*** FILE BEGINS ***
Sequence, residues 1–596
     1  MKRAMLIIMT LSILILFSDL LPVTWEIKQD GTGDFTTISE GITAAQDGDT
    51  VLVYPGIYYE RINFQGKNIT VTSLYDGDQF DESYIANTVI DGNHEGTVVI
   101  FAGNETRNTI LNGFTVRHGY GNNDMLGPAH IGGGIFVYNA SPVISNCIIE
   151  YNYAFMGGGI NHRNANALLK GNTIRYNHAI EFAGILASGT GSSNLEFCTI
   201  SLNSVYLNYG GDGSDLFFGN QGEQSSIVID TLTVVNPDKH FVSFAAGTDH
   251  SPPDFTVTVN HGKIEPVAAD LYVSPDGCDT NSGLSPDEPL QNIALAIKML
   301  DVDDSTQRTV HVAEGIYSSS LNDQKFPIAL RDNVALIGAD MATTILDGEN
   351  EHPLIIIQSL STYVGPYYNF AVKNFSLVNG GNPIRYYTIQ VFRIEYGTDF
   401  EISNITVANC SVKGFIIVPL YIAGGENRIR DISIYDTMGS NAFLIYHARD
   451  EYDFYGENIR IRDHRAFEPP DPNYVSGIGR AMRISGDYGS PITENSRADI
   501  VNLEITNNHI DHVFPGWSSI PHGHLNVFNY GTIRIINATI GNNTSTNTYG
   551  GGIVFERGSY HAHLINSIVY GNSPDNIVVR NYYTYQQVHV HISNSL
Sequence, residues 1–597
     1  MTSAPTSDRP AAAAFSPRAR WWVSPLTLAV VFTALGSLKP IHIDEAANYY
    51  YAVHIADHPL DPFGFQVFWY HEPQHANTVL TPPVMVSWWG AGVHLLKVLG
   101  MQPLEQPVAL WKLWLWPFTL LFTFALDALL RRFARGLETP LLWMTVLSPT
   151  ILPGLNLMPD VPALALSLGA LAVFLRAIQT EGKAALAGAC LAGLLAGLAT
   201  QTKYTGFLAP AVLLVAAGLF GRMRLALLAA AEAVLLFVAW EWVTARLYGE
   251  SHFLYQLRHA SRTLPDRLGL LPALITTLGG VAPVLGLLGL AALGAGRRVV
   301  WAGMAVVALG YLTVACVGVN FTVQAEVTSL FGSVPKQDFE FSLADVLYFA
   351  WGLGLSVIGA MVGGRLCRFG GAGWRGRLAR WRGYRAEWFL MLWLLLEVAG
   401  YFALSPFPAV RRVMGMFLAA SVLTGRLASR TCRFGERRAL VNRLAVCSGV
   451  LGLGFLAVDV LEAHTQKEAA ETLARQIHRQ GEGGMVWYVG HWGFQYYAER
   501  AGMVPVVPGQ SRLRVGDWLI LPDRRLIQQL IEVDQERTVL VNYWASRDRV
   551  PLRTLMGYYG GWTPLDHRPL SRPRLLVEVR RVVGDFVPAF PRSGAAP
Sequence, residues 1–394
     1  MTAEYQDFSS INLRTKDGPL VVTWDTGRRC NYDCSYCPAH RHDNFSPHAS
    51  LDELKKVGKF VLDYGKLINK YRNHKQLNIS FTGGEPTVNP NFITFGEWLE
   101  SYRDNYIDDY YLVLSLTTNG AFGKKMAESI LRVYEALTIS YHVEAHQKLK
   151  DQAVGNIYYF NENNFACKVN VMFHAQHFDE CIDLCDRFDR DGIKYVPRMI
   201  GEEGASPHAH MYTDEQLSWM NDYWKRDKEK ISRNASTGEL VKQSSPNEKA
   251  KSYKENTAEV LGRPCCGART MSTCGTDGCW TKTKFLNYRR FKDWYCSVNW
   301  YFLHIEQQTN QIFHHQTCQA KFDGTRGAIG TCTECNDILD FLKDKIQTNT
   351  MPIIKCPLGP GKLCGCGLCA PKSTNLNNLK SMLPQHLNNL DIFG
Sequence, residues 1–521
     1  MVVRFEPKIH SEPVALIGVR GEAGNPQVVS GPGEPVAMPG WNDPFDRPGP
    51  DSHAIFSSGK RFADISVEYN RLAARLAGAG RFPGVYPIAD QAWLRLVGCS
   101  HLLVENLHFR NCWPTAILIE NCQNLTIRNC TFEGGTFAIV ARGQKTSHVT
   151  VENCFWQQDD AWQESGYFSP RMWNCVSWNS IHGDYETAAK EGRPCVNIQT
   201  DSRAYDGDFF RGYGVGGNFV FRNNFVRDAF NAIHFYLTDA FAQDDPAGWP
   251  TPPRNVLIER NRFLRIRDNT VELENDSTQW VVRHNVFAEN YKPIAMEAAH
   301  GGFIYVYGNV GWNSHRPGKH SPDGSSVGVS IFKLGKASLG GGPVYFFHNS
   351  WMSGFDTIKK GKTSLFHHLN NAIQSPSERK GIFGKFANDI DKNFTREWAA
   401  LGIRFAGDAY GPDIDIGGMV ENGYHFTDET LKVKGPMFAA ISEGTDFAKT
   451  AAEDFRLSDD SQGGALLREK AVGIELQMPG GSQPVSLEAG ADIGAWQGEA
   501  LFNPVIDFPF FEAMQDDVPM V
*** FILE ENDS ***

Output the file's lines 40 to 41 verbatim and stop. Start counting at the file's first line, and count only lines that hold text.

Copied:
   151  VENCFWQQDD AWQESGYFSP RMWNCVSWNS IHGDYETAAK EGRPCVNIQT
   201  DSRAYDGDFF RGYGVGGNFV FRNNFVRDAF NAIHFYLTDA FAQDDPAGWP